Black seed oil: High growth rates and exciting synergistic effects
The seed and oil of black cumin (Nigella sativa) have been used extensively in traditional medicine in many Middle Eastern and Asian countries for the treatment of a range of conditions, including some immune and inflammatory disorders.
According to the 2017 herbal supplement market report from the American Botanical Council (Herbalgram 119, pp. 62-71), sales of Nigella-containing supplement grew 202% in 2017 in the natural channel, but sales remain relatively small at $4.675 million (#23 on the top selling herbal supplements list for 2017).
Morris Zelkha, CEO of TriNutra Ltd., which offers the ThymoQuin-branded cold-press Nigella sativa oil ingredient, told us that his company has analyzed various black seed samples available on the market with an outside lab in Israel. The data have not yet been published, he said, but the initial results indicated that there were big variations in levels of the main active ingredient, thymoquinone.
TriNutra’s ThymoQuin is standardized to 3% thymoquinone, and is derived from high-concentration Nigella sativa plants developed using a non-GMO breeding program in Israel.
A search of PubMed reveals over 200 papers involving black seed oil from various suppliers, with 22 classified as clinical trials.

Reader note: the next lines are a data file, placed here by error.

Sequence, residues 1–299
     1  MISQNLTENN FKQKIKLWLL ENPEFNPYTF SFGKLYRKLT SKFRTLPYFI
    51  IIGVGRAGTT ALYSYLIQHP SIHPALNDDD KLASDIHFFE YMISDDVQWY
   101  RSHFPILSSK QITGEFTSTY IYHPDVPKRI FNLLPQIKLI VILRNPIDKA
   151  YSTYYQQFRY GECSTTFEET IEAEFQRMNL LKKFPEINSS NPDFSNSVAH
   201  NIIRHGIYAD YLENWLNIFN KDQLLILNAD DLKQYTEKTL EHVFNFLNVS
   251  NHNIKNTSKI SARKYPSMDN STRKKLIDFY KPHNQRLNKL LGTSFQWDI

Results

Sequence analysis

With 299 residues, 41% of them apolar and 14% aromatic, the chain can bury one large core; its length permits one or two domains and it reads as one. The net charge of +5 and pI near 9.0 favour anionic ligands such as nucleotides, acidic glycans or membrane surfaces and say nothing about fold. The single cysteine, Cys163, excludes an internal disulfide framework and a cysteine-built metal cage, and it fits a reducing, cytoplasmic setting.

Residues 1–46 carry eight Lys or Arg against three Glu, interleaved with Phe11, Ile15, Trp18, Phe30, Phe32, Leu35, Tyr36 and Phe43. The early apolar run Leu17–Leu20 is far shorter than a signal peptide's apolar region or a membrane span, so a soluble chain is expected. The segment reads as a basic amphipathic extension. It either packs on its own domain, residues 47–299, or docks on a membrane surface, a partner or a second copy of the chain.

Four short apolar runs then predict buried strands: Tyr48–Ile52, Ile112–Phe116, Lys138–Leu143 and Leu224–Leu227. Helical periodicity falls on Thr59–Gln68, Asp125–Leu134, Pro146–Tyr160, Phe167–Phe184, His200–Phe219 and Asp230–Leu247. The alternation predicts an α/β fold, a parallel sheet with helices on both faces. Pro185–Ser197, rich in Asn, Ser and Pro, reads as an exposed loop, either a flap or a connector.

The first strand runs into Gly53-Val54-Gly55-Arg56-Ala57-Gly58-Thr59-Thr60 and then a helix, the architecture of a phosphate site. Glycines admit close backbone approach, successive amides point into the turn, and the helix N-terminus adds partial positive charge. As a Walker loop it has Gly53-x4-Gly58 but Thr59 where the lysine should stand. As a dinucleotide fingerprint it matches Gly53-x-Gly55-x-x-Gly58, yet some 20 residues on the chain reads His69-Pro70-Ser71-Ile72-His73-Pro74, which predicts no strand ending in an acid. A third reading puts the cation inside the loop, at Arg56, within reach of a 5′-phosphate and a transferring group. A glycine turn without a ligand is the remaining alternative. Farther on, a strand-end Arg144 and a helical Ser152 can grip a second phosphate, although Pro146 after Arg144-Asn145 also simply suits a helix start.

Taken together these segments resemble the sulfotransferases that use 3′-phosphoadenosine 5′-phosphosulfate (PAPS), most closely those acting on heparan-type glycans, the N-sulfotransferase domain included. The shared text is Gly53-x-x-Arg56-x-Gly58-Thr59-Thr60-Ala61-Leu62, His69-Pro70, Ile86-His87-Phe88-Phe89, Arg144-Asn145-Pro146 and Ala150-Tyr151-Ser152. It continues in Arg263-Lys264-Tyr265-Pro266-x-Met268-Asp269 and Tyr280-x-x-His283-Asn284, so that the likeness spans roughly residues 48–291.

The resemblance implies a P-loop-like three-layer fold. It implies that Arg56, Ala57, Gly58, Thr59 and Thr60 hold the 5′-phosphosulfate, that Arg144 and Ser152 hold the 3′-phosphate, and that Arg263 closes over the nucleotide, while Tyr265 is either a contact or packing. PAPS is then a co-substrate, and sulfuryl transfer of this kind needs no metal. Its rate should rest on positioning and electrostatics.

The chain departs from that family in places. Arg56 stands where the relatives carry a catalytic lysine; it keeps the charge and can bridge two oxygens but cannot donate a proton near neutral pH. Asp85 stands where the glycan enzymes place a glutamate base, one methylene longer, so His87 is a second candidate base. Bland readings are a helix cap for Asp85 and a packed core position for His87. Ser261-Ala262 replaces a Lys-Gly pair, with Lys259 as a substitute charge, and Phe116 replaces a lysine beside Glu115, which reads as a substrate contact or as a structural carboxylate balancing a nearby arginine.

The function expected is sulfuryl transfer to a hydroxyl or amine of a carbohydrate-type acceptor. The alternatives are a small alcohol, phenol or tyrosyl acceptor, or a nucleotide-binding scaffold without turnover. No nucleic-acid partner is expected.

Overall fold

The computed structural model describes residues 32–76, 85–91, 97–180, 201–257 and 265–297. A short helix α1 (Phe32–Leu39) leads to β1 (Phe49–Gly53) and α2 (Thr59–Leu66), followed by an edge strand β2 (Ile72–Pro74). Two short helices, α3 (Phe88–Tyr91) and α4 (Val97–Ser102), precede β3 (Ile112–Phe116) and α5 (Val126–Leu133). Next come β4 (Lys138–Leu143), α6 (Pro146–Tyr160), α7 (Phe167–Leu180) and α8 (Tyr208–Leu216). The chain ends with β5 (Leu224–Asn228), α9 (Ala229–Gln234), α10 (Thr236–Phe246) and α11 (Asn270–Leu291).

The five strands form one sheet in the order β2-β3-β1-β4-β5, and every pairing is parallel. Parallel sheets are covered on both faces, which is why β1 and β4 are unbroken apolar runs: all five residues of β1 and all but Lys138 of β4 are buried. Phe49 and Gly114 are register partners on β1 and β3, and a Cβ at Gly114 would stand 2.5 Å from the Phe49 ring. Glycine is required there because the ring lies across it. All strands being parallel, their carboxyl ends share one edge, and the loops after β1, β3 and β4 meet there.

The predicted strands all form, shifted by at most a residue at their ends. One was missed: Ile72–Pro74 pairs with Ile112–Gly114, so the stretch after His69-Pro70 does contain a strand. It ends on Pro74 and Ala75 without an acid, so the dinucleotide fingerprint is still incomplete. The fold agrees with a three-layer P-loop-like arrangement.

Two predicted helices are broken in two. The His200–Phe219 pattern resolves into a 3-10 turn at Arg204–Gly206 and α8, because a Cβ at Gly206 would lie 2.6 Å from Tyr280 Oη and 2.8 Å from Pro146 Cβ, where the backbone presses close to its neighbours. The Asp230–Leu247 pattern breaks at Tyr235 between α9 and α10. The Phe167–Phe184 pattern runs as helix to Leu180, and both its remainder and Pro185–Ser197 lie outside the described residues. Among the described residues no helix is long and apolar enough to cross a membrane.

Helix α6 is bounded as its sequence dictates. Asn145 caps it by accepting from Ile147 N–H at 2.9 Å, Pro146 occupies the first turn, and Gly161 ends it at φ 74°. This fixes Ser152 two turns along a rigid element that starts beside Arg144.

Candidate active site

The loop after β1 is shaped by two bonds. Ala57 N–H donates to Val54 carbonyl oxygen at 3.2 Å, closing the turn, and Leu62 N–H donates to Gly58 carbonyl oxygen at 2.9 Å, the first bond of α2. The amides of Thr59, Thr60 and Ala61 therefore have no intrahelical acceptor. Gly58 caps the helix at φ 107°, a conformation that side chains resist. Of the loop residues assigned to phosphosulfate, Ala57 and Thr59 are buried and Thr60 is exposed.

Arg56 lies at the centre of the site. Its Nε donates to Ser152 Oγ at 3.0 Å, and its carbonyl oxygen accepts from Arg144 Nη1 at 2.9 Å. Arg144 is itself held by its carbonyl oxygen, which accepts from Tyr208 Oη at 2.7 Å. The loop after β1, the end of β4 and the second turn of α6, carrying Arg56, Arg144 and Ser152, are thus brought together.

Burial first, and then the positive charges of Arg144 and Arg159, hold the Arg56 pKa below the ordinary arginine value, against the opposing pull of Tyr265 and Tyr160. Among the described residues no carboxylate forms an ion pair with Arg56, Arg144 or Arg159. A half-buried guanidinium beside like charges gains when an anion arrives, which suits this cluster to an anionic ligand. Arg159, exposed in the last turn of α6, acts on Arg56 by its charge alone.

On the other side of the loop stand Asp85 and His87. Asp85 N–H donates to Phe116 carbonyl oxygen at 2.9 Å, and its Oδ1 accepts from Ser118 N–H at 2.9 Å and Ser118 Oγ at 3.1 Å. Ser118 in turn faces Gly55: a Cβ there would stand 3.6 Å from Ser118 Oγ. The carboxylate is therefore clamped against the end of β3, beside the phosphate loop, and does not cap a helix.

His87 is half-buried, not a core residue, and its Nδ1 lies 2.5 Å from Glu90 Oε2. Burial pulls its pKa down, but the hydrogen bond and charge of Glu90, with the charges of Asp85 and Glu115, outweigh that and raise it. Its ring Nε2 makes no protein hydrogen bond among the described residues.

Potential anti-inflammatory activity depends on the dose, said Zelkha, with free fatty acid content of the oil affecting its performance. “The activity can drop three-fold when the free fatty acid levels go up (beyond 20%),” he said. “The product needs to contain the bioactives at specific levels and ratios.”
A recent paper published in the Journal of Nutrition & Food Sciences using ThymoQuin reported a range of benefits in obese mice, including metabolic function and liver health (reduced risk of non-alcoholic fatty liver disease – NAFLD).
“The beneficial effects of [thymoquinone] in the pathogenesis of NAFLD in a murine model of obesity offer a portal into therapeutic approaches to the treatment of this and other obesity-related diseases,” concluded researchers from New York Medical College, University of Catania (Italy), University of Brescia (Italy), and Tel Aviv University.
There is also potential to combine black seed oil with other ingredients, most notably omega-3. Data shared with NutraIngredients-USA showed that the addition of 10-20% of ThymoQuin to omega-3 oils may “potentiate the anti-inflammatory active of the omega-3 oils”.
This work is being conducted with scientists at Ben Gorion at the University in Israel and additionally with researchers at New York Medical College.
“The first study demonstrated to potentiate the healthy inflammatory response activity of omega-3 oils when the two were combined; this is an effect not observed with other Nigella sativa oil products on the market,” said Zelkha. “The NY study is expected to be published by the end of 2019.”
ThymoQuin was introduced to the US market in May 2018 and is exclusively distributed by Barrington Nutritionals. Chris Holland, Barrington’s VP of Sales, told us that they have talked with a number of omega-3 companies and “they’re excited about it”.
This synergistic effect may also work with hemp oil and carotenoids, said Holland.